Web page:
child sexual abuse, art therapy, trauma, treatment
Child sexual abuse (CSA) is a global problem that can have lasting effects cognitively, physiologically, and emotionally for the victim. If the psychological damage from CSA goes untreated, it can lead to unstable conditions within one’s self, and in relationships. When children are affected by sexual abuse, it can be difficult for them to verbalize the traumatic incident. This inability to express can lead to problems in viewing and experiencing the self, and may lead to dissociation. Many aspects of trauma symptoms are difficult for individuals and especially children to express verbally. Visual arts therapy offers an alternative to verbal-based therapies and allows survivors to express deep and overwhelming emotions within a safe atmosphere. Art therapy could potentially be the form of nonverbal therapy many CSA victims need. Research also suggests that creative arts therapy encourages healthy emotional regulation within CSA victims, helping to counteract dissociation. Due to limitations and lack of research, these theories are plausible but difficult to project onto the CSA victim population. Future research on art therapy’s effect on CSA is needed.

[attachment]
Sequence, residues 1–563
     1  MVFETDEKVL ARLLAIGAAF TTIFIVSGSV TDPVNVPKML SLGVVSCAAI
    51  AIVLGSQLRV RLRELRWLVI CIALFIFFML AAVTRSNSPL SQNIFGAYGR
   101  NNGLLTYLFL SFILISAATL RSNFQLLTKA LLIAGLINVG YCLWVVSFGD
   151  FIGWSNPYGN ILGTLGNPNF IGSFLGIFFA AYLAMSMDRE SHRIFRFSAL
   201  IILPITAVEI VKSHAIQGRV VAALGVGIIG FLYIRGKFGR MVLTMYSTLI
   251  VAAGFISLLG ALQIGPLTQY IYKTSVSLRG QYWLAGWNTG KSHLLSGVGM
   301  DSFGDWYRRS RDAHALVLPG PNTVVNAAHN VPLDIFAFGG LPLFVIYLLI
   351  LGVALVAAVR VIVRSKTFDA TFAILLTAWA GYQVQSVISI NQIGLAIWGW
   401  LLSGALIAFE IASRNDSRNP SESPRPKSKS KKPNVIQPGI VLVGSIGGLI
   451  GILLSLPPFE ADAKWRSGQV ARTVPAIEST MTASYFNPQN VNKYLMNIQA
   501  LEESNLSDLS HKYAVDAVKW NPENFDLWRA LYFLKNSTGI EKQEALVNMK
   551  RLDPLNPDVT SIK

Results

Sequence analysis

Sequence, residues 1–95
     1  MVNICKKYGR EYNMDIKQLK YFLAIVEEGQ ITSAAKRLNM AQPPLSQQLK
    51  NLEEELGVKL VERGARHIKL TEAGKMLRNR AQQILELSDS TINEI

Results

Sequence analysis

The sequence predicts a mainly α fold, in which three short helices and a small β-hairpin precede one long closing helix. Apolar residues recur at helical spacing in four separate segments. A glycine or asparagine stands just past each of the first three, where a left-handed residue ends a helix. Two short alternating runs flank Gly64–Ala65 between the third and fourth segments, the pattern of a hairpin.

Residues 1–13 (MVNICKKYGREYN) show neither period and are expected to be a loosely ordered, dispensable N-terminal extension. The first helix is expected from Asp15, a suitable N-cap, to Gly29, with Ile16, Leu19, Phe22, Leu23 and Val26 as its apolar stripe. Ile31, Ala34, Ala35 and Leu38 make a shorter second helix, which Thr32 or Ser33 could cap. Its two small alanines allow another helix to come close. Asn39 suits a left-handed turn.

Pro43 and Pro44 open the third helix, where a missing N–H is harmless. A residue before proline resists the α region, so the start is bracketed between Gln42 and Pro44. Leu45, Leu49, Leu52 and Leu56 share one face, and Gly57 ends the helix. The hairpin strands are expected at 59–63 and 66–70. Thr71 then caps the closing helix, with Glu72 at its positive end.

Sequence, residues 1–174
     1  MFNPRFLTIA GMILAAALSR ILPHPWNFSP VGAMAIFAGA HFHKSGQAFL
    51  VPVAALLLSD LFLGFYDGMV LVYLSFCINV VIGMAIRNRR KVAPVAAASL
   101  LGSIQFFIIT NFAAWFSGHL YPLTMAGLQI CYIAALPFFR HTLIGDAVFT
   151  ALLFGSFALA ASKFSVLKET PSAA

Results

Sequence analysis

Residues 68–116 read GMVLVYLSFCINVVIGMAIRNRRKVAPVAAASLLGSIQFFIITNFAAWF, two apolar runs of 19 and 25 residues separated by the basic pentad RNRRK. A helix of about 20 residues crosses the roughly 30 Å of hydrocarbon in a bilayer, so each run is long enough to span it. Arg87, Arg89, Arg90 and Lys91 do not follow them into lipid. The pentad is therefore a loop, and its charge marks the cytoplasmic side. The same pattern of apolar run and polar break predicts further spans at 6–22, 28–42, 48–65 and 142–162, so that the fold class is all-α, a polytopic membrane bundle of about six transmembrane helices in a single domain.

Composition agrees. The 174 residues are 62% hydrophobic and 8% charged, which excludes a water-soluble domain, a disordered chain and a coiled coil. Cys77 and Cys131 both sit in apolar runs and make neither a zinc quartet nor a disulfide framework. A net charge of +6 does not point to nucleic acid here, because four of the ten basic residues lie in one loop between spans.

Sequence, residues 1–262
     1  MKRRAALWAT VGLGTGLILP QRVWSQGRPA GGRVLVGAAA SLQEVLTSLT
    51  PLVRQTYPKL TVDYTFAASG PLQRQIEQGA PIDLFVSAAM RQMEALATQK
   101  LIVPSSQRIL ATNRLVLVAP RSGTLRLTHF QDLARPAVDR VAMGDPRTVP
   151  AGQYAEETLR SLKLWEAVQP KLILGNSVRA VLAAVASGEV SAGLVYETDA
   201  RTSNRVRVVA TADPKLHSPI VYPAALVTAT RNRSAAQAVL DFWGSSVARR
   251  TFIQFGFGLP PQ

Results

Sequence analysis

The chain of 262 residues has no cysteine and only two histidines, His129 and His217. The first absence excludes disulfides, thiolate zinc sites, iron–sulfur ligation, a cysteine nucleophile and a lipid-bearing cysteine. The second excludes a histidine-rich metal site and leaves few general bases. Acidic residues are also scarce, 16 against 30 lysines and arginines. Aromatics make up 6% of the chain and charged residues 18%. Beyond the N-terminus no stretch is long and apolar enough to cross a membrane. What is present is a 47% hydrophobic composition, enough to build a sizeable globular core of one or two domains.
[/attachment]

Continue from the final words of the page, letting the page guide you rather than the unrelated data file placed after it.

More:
McKinnon, Katelynn K.
"Drawing Out Trauma: Visual Art Therapy for Child Sexual Abuse Victims,"
Intuition: The BYU Undergraduate Journal of Psychology: Vol. 14
, Article 7.
Available at: https://scholarsarchive.byu.edu/intuition/vol14/iss1/7